Whilst we in Cardiff wait patiently for Cardiff Council to spring into life and start delivering on their Active Travel obligations, it probably hasn’t escaped anyone’s attention that there’s a bit of a revolution happening in London right now.
One of Boris Johnson’s better actions as Mayor was to establish a network of “Cycle Superhighways”, or protected cycleways around London. Despite the scheme being largely unfinished, it has seen a significant number of people taking to two wheels.
Andrew Gilligan is a reporter for the Telegraph, but also London’s cycling commissioner. On Tuesday he published an excellent article on the Evening Standard that should be required reading for anyone with an interest in active travel.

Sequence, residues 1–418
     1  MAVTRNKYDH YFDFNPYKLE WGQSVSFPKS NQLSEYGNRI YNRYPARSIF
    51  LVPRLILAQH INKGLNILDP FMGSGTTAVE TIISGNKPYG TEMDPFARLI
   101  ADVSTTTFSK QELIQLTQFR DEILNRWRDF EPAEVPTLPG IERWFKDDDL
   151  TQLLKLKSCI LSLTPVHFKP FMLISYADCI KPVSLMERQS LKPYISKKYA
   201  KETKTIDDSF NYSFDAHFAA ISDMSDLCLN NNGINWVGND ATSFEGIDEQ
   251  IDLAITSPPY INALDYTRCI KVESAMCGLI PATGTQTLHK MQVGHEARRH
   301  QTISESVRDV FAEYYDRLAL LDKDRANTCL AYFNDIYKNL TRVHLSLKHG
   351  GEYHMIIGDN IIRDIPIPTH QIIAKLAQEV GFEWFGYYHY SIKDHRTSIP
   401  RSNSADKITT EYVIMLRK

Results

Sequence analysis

Many people think of cyclists as somehow a separate species, unconnected to the rest of the transport system. But of course everyone who starts cycling is someone who’s no longer taking up space on the bus, or the Tube, or anything like as much space on the roads.
On a related note, an infographic has appeared from across the pond in New York, where a similar development began back in 2007.
— two by fore (@2byFore) March 31, 2016
It says that on 9th Avenue, pedestrian and cyclist injuries are down by over 50%, commercial vacancies are also down but retail sales are up.
We don’t think it would be unfair to say that the case for protected (not shared, not advisory lanes & red paint) cycle lanes in Cardiff is a complete no-brainer.
We do hope that Cardiff Council is taking note of what is happening in other cities around the world where good cycle infrastructure is being installed. These are the cities that will attract the inward investment; will enjoy better air quality and better health outcomes if the council does not.